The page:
When people believe that they have ‘almost made it’ and just a little more will see things right, the gospel message of self denial and cross carrying is pretty unattractive.This message is made even more difficult to communicate in our current political climate, where we are also doing just a few more things to implement God's will and set the world right. The theology of the cross seems un-American these days (which is a good thing).
Of course middle Australians want their kids to have good values and to grow up ‘nice’ so we could look to snare them that way… but… I just don’t see Jesus or Paul functioning like that. Can you really imagine Jesus runing a kid’s ministry to ‘get the parents’? as I sometimes hear suggested. You have to admit it doesn’t sound much like him does it?!Interesting take on this theory. I know parents, some in church, who definitely want their kids to learn "values" and to be protected from evils in the world. In Christendom the church provided this service, inoculating children from bad things while drawing their parents into membership (if they're lucky). Suburbia may have more people looking for the Christendom church than other, more marginalized parts of society; I don't know. But that analysis assumes the spirit of the previous quote; that things are generally good and can get better if we do a little more (keep our kids out of trouble, etc.). Personally, I hope my kids are prepared for this world, not conformed to it, but not sheltered from it, either.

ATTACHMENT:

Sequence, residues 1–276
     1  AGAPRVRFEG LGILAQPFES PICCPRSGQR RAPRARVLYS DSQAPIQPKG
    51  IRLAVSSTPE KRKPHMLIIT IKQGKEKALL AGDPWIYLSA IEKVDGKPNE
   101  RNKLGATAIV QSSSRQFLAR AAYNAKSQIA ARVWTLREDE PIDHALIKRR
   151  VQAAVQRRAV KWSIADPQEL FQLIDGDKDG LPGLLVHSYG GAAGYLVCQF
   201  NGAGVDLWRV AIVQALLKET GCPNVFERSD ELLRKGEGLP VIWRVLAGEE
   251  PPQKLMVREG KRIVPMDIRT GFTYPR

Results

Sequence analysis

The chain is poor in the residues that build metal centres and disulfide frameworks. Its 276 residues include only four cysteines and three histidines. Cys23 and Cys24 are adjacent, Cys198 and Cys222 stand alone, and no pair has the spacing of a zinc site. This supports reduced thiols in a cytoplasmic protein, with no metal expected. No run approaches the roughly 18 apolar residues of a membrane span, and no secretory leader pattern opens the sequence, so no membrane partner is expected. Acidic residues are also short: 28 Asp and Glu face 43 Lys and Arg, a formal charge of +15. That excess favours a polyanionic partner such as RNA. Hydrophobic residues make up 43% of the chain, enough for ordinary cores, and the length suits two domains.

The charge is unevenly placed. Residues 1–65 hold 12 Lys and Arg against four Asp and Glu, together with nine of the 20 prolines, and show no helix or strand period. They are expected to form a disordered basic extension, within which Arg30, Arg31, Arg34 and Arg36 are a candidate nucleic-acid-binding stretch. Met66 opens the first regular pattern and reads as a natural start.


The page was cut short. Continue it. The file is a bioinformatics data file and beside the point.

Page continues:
I like the writer's thought because Jesus and Paul were not into getting members into pews, they were training disciples. Jesus would be out in the world with the parents, talking to them where they are, rather than trying to get to them through their kids.